baby-teething-tips
baby-teething-tips

Don’t be surprised if your baby begins sprouting teeth between his or her fourth and seventh month. But, keep in mind that it is perfectly normal for teeth to begin appearing anytime from birth to over one year of age. Heredity is the primary factor in tooth development.

Generally, the two bottom front teeth (central incisors) are the first to appear. About one to two months later, the four upper teeth (central and lateral incisors) will become visible. Then, the lower incisors, first molars, and the canine or eye teeth will follow.

Unfortunately, most babies experience some degree of discomfort during the teething process. Most often it’s mild and includes irritability, crying, low-grade temperature, excessive drooling, and a need to chew on something hard. The gums around the new teeth will also appear somewhat swollen and inflamed.

Cold teething rings made of firm rubber can help ease the pain, as well as massaging your baby’s gums with your finger. Even a cool, wet washcloth to chew on can give relief. In the vast majority of babies, topical or oral pain relievers are simply not necessary for teething pain. If your child has more than a very low-grade fever, most likely it’s not teething and is most likely a virus or other type of infection. Consult with your paediatrician or health care advisor if your baby seems to be in a great deal of teething pain or develops a high fever.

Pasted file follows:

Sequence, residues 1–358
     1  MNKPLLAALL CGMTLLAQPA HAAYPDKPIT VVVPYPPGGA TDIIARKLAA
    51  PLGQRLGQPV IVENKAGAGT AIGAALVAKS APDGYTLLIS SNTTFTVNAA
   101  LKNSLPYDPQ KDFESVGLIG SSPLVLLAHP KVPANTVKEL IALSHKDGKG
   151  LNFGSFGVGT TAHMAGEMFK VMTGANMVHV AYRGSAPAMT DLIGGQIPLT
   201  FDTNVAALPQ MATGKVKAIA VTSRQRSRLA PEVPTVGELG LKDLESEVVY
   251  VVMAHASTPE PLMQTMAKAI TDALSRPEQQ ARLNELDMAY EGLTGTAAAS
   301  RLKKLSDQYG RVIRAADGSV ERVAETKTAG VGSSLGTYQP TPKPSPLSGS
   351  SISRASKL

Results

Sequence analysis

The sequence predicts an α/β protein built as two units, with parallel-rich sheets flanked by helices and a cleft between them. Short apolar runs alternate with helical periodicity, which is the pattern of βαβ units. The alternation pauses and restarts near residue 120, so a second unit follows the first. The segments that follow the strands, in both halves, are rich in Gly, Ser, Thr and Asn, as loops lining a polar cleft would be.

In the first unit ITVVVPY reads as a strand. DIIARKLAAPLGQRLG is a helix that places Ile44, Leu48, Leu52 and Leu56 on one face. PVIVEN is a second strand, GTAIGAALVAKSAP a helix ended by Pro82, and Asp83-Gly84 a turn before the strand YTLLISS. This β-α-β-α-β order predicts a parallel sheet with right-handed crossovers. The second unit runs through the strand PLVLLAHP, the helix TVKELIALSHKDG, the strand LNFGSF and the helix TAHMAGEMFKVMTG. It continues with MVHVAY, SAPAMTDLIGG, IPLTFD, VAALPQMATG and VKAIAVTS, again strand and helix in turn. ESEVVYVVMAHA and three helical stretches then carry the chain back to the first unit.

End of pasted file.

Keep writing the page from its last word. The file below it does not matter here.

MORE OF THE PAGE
It’s important to remember that proper dental care begins when your baby’s first tooth appears. Brush them daily with a soft child’s toothbrush or a piece of gauze. To prevent dental decay, never let your baby fall asleep with a bottle of milk or juice. These liquids can pool in the mouth and can greatly increase the chance of early cavity development.

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